ies with the transformed terms. sinfn and cosfn are functions of two arguments
which are a coefficient and a trigonometric part of a term in series respectivel
y. If a term in the series is a*sin(3*x+4*y), then the value of sinfn(a,3*x+4*
y) will be the coefficient of sin(3*x+4*y) in the answer. If we define f(p,q):=
ratsimp(p), then poismap(s,f,f) would return a new series equivalent to s, but
where each coefficient is rationally simplified.
This example illustrates many of the Poisson series facilities.
{\hsize=6in
\begintt
(c1) trial:a*cos(x+2*y)-a*sin(u-4*x);
(d1) a cos(2 y + x) + a sin(4 x - u)
(c2) intopois(trial^2);
rat/pois2.o being loaded.
[fasl rat/pois2.o]
Maximum poisson coefficient is +-15
for each of the variables in [u, v, w, x, y, z]
2
a cos(4 y + 2 x) 2 2
(d2)/P/ ----------------- + a sin(2 y + 5 x - u) - a sin(2 y - 3 x + u)
2
2
a cos(8 x - 2 u) 2
- ----------------- + a
2
(c3) integrate(trial,y);
a sin(2 y + x)
(d3)/P/ --------------
2
\endtt
\begintt
(c4) printpois(sin(x)^5);
5/8 sin(x)
- 5/16 sin(3 x)
1/16 sin(5 x)
(d4) done
(c5) /* poistrim is called with 6 arguments (the coefs of u ... z)
and mapped over the terms during multiplication. This
definition serves to discard terms when x's coefficient exceeds 3.*/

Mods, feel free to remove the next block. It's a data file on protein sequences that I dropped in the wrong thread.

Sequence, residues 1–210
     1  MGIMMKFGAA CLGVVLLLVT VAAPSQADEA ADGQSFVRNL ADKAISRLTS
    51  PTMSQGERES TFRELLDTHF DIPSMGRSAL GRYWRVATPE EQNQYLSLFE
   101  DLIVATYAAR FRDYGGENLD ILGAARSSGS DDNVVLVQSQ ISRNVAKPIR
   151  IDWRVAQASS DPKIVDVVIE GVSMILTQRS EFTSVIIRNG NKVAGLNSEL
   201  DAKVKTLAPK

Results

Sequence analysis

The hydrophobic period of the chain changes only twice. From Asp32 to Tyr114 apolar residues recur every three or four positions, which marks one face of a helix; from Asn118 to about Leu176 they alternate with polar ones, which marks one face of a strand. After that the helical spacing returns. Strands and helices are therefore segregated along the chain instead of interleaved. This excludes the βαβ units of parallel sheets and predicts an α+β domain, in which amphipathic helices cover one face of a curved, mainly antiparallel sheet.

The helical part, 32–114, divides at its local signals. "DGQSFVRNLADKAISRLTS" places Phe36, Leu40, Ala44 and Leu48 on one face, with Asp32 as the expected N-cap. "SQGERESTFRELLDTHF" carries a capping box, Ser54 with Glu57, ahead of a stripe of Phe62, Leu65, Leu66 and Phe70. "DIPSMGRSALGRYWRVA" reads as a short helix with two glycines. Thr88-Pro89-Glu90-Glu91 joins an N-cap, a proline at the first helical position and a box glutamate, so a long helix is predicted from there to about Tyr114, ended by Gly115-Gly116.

poistrim(uc,vc,wc,xc,yc,zc):= is(xc>3) $
(c6) intopois(sin(x)^5);
5 sin(x) sin(3 x)
(d6)/P/ -------- - --------
8 4
\endtt\begintt
(c7) /* This command substitutes u+e for v in the Poisson Series
cos(v). The indeterminate e is not permitted in the argument
of a trignometric form, so cos(u+e) is expanded as
cos(e) cos(u) - sin(e) sin(u), and then the cos(e) and sin(e)
terms are re-expressed as Taylor series, as shown below.*/
(powerdisp:true, /*display power series in right order*/
poissubst(u,v,cos(v),e,3));
2 3
e e
(d7)/P/ (1 - --) cos(u) + (- e + --) sin(u)
2 6
\endtt}% end of 6in hsize
Remember that coefficients in the arguments of the trigonometric functions fit
in a pre-arranged domain. If you change this domain by changing either poisvars
or poislim, all pre-existing Poisson series will be invalid.
If you are particularly concerned with efficiency,
it is possible to define the
Poisson series coefficient arithmetic to be something other than normal \ma\ general form.
You must define the programs needed to add, multiply, substitute, differentiate, encode and decode the coefficients. You must also supply the encoding for constant expressions which represent +1 and -1 and a program to t
est for 0 (zero). Packages which may be useful include those where coefficien
ts are in CRE form, polynomials with floating point coefficients, or polynomials with rational number coefficients.
A model for these is given in the Lisp source file |rat/pois2.l| which defines the whole Poisson series system and treats
coefficents as the default general macsyma form. The ambitious programmer might
look at the alternatives of using CRE form provided in the files "rat/ratpoi.l
" and "rat/nratpoi.l."
For further information on the techniques used in macsyma for Poisson series c
alculations
%should use some citation mechanism
see "On the Multiplication of Poisson Series," by R. Fateman,
{\it Celestial Mechanics}, v. 10, no 2, (Oct. 1974), pages 243-247.
\bigskip
\copyright 1986, Richard J. Fateman
\endchapter
\bye